“I decided to center my play on Pío de Jésus Pico. Although I didn’t want to write an historical or educational piece, I wanted the play to be grounded in reality. The Seaver Center gave me access to primary sources that made Pico and his world come alive. Looking at his tax records, calling cards, letters, newspaper clippings, photographs helped me find and amplify the magic of Pico’s life rather than trying to impose a theatrical conceit on it. While I consulted other sources and visited the Pico Hotel and Pío Pico State Historic Park, the Center provided the framework that allowed me to put together a very special piece that incorporates dance and film.

I’ve always been fascinated by the Californios. While their names are on many streets and landmarks, their legacy has remained too obscure. This dynamic, multi-ethnic group laid the foundation for the things that still define California at its best. I felt that it would be difficult to convey these larger than life figures in a traditional play. When I was selected for the Rogue LAB, I jumped at the opportunity to create my first hypertheatre piece.

The LAB was a very special experience. It not only allowed me to incorporate dance and other elements into my work, but encouraged me to be bold. Part of this was because of the LAB’s unusual structure. I was paired with choreographer Rhonda Kohl (Theatre of Note’s For the Love Of …) and director Scarlett Kim (West Coast director of La MaMa) early on. Their input during the writing process made The Secret Life of LA Freeways a much better and more ambitious piece than it would have been otherwise.“

Dr. Lewis is produced playwright, screenwriter and director who teaches in the English Department at Chapman University. She is a member of the Dramatists Guild and the Playwriting Unit of Ensemble Studio Theatre-Los Angeles.  In 2019, her short play The Last Ride was produced in the Company of Angels’ TomorrowLAnd festival. Vacuum Seal was produced by the Itinerant Theatre (Lake Charles, LA). The Gift was read by the Playwrights Unit of Ensemble Studio Theatre-Los Angeles.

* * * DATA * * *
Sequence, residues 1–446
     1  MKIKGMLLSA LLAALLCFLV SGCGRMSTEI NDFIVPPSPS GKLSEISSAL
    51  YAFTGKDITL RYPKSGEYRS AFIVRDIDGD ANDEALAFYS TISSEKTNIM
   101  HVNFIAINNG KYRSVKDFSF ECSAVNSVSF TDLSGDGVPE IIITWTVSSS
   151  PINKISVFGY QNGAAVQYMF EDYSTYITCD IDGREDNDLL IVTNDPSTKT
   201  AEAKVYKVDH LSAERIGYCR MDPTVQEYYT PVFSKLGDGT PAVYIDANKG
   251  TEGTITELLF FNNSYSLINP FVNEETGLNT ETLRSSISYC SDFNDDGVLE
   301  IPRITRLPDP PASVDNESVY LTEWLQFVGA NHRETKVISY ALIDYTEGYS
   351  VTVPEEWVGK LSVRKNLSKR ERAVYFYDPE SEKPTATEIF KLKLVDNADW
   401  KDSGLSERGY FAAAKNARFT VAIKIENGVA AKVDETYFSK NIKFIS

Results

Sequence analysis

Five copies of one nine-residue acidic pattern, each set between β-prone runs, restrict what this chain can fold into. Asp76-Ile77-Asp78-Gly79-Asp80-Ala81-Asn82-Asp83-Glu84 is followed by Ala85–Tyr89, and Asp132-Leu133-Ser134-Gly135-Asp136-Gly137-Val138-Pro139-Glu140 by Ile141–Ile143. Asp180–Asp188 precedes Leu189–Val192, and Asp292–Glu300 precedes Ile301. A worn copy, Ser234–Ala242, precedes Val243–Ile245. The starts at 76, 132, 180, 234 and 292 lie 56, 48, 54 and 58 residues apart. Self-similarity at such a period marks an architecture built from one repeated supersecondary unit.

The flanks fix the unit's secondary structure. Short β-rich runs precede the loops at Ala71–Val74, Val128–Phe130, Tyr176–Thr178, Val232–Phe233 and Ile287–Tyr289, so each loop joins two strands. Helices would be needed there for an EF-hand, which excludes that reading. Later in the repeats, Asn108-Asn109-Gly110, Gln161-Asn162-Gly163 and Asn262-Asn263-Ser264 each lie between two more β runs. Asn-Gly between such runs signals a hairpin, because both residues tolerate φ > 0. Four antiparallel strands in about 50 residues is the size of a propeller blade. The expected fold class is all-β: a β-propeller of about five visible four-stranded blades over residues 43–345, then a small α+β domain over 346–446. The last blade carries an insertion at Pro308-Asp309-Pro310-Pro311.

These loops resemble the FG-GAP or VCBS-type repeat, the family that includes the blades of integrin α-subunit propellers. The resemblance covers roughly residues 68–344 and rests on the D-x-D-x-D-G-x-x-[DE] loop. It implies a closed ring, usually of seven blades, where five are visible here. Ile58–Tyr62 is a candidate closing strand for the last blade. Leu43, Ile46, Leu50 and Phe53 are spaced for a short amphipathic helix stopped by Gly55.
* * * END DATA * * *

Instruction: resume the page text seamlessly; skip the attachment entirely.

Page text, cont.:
In 2018, she was selected as one of five Southern California playwrights for the Humanitas’ PLAY LA workshop. Her short film Can Also Play screened in the Outfest and Outfest Fusion film festivals. Earlier awards include the British Theatre Challenge, Samuel Goldwyn Screenwriting and HBO New Writers awards. Her work has been included in the Last Frontier Theatre Conference and the William Inge Theatre Festival. She began her career as a director in the Actors Studio and Circle Rep LAB in New York City.

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The Seaver Center opened in 1986 through a generous grant from the Seaver Institute.

Upcoming Events

Lunch with Barbara Carrasco
Dear Friends,

After moving to Los Angeles for a job at UCLA in 1991, I occasionally heard references to a “censored mural” that was originally commissioned by the City but then was considered to be “too controversial” for the public to see. It was only last year that I was able to see for myself this subject of controversy when the Natural History Museum, working with artist Barbara Carrasco, unpacked the mural and installed it for all to see.
I was greatly impressed with the mural and its treatment of LA history, and I enjoyed hearing Barbara describe how the mural was conceptualized and how a group of energetic young artists worked under her to bring this project to life. When I heard the Museum was considering purchasing the “Sin Censura” to make it publicly accessible, I thought it was a great idea. And when Lori Bettison-Varga asked me to host a luncheon to reach out to others who might be interested in learning about the mural and supporting it, I was happy to agree.
I reached out to my long-time friend and colleague, photographer Gary Leonard, and asked him to co-host the luncheon with me. Gary agreed and, between the two of us, we are sending out this invitation to a wonderful cross-section of Angelenos who are united by their interest in LA history. 
Please join us on August 8 to meet Barbara Carrasco and learn more about “Sin Censura”. Click on this link to RSVP online.
Darryl Holter